I know Michael Boatman most from his work on the television show Spin City (very cool if you’ve never seen it) so when I saw his book on the library shelf I was intrigued. Last God Standing is written from the perspective of God, who has decided to abandon heaven to experience a human life, hoping to be a stand up comic. But of course this leaves certain realms in chaos and with the pantheon of gods suddenly acting crazy, Yahweh has to figure out what’s going on.
Writing a book from God’s perspective is an interesting challenge, and I’m sure that many people will find it blasphemous and controversial, but how are you supposed to capture the voice of the omnipotent, omniscient, and omnipresent Almighty and have it come across as authentic? Well, Boatman’s writing style certainly helps. He lends a wry commentary on religious belief and the state of humanity with cinematic visuals. I’d love to see some artistic renditions of the battle scenes between gods, for his descriptions are vivid.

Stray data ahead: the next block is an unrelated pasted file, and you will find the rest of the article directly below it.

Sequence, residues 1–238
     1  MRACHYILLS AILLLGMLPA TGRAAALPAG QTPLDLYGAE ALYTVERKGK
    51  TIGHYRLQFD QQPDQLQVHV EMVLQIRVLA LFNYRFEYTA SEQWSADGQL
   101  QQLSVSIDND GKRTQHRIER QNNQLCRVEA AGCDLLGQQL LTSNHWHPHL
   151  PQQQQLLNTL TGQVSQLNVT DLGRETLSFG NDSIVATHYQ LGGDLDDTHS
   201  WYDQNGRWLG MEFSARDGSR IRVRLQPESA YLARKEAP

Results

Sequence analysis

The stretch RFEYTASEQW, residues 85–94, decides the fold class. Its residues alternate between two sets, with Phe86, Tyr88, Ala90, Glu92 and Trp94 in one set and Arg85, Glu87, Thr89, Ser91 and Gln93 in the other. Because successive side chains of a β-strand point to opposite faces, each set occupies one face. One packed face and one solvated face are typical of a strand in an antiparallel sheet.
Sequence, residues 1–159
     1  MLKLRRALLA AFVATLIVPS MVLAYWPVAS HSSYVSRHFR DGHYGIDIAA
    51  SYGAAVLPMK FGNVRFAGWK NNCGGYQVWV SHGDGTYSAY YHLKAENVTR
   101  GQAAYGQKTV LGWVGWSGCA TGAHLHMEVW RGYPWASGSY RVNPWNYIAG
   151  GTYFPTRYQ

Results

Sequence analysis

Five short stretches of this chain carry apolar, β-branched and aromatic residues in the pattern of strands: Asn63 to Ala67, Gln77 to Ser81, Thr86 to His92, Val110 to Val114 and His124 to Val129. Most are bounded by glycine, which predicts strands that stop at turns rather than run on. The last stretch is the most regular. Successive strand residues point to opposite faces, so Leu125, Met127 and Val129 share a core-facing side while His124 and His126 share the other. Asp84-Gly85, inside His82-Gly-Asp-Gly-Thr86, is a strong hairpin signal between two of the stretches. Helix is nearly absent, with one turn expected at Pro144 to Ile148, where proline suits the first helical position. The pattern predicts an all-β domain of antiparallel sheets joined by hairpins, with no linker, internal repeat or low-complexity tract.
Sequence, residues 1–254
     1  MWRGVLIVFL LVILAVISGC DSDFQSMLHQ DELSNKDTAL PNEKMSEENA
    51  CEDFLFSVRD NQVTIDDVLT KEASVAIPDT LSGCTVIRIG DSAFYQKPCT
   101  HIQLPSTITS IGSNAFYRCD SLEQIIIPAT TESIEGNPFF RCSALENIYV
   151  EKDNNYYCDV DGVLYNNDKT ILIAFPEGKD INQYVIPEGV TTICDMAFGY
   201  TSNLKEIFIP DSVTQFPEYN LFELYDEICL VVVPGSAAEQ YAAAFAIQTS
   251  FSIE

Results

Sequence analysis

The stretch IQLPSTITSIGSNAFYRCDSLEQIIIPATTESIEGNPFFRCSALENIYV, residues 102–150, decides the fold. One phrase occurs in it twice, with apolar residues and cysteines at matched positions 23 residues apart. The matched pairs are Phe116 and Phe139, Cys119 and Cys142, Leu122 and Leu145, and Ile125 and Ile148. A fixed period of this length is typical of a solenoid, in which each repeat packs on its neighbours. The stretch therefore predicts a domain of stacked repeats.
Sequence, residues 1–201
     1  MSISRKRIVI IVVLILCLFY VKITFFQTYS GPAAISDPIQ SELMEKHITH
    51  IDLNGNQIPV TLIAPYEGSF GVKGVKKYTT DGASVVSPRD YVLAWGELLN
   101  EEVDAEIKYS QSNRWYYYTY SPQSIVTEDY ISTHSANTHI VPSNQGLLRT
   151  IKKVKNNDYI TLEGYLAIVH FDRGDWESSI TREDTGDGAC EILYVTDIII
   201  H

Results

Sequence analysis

The book is well-paced and I found it extremely easy to read. I enjoyed how the author found ways to explain the existence of different gods and managed to blend them into one culture. The ultimate message of the story was one that I agree with as well, and the journey to get to that point was highly entertaining. It touches on pretty much all the major religions, and the not-so-major ones too. I do think the double-meaning of the title is a little misleading though, as I didn’t find Yahweh’s stand up career to make up a huge part of the book.
But to put yourself in the mind of God is an audacious effort by Boatman and it could easily have crashed and burned. Thankfully he has the talent to pull it off with aplomb. Last God Standing is a brilliant book and perhaps Michael Boatman should focus more on the written word. I know I’m looking forward to anything else he writes.